by Emma Antoine-Portinari
Many moms wait with great anticipation to experience the first flutters of movement from their baby. Those feelings of wiggles, rolls, twists, and kicks are some of the most exciting new sensations for moms-to-be and an important milestone during pregnancy. Not only are these kicks thrilling, but they help reassure you that your baby is growing and developing. As you move through your pregnancy, your baby will become more active, and these kicks will become more and more frequent.
When do kicks begin?
The first sign of movement is called "quickening" and typically occurs between 16 to 22 weeks of pregnancy. Women who have given birth twice or more tend to feel movement closer to 16 weeks, while those who are pregnant for the first time tend to feel movement closer to 20 to 22 weeks. By week 20, movement and kicks begin to become more visible externally and can begin to be felt by others.
While movement varies from mom to mom, most women find that their baby is most active after they’ve eaten a snack or meal or after they’ve engaged in physical activity. Movement can also be more frequent between 9 p.m. and 1 a.m., as blood sugar levels begins to decrease.
The importance of kick counts
Iit’s important to monitor your baby’s movements throughout your pregnancy, but as you enter your third trimester, it becomes even more important track kicks. Around 28 weeks, it’s recommended that moms begin to take note of their baby’s kicks and continue through the remainder of their pregnancy. Your baby’s kicks act as an indicator that they are growing, thus allowing you to make sure their health and development is on track throughout your third trimester!
The “count to 10” method is recommended to help keep track of your baby’s movements. Moms track how long it takes to feel 10 kicks, flutters, rolls, or any sort of movement from their little one. The goal is to feel at least 10 movements within a 2-hour time period.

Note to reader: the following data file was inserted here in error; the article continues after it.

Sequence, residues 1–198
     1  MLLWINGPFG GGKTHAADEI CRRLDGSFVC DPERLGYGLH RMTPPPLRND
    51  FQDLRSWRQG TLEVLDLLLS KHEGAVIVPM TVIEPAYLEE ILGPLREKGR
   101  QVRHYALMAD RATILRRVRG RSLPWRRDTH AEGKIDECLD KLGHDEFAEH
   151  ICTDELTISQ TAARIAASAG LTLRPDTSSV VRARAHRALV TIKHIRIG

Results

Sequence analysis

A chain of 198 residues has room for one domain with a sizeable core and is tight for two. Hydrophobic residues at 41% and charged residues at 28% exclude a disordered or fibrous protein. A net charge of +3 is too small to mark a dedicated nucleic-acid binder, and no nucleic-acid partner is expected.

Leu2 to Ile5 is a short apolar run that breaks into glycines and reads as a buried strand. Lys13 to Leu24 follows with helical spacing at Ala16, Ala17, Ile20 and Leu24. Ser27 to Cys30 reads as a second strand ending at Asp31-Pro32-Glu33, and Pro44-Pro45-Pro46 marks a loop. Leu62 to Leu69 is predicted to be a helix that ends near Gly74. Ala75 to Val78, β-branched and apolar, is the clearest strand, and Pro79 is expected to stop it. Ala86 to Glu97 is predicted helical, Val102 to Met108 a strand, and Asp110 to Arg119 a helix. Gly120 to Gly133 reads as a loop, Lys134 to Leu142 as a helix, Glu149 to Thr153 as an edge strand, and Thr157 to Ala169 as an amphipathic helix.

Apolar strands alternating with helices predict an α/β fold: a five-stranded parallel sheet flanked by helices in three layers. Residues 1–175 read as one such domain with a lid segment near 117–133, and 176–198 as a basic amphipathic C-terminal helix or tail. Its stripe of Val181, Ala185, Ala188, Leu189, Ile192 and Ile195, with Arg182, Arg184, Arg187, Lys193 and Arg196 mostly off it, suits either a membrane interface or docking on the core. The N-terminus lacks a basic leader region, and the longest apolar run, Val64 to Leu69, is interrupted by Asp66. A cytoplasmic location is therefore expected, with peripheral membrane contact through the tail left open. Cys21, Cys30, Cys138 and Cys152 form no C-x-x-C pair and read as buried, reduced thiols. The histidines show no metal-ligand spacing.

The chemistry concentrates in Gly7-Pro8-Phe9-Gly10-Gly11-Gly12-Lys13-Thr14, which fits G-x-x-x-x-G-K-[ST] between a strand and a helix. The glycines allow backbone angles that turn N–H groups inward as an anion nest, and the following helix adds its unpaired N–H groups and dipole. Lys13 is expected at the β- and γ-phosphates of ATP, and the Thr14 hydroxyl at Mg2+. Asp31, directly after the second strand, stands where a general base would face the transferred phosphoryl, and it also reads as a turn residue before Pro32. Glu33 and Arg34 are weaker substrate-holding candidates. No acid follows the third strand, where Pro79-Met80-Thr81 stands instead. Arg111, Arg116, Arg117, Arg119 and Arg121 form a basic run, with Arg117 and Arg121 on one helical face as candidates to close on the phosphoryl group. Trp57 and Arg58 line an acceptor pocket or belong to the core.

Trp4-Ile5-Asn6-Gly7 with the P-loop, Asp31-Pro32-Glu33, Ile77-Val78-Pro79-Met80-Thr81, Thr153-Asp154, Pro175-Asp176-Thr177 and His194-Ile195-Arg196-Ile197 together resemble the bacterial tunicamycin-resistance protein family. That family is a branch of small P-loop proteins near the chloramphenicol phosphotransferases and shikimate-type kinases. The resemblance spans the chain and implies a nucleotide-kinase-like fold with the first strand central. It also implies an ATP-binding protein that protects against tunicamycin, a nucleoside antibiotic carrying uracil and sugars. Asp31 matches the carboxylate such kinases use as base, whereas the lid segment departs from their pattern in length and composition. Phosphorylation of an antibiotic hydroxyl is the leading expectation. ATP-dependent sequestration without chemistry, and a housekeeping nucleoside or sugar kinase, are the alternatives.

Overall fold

How to count kicks
To keep track of these movements, you can use the “kick counter” feature in the Ovia Pregnancy app. Tap "more" on your bottom bar menu and scroll down to "Kick counter" to access it. With this tool, you can time how long it takes to get to 10 kicks/movements by starting a stopwatch to keep track of time and clicking the “kick” button each time you feel a movement. The stopwatch continues to count when you exit the app, so you can go back to the app each time you feel a movement!
Counting kicks allows you to begin to observe patterns in your baby’s movements. If you haven't felt 10 kicks by the end of 2 hours of counting, wait a few hours and try again. After a second 2-hour session, if you still haven't felt 10 movements, it’s recommended that you contact your healthcare provider. If you begin to notice any significant deviations in the pattern of movement your baby typically shows, it’s important to get in touch with your healthcare provider.
Counting kicks both helps you monitor your baby’s health and development and gives you time to further bond with your baby. So try to find time in your day to sit back, relax, and get to know your baby’s unique patterns and rhythm!
Bryant, Joe; T. Jamil, Radia; Thistle, Jennifer. "Fetal Movement." National Center for Biotechnology Information, U.S. National Library of Medicine. June 13, 2019.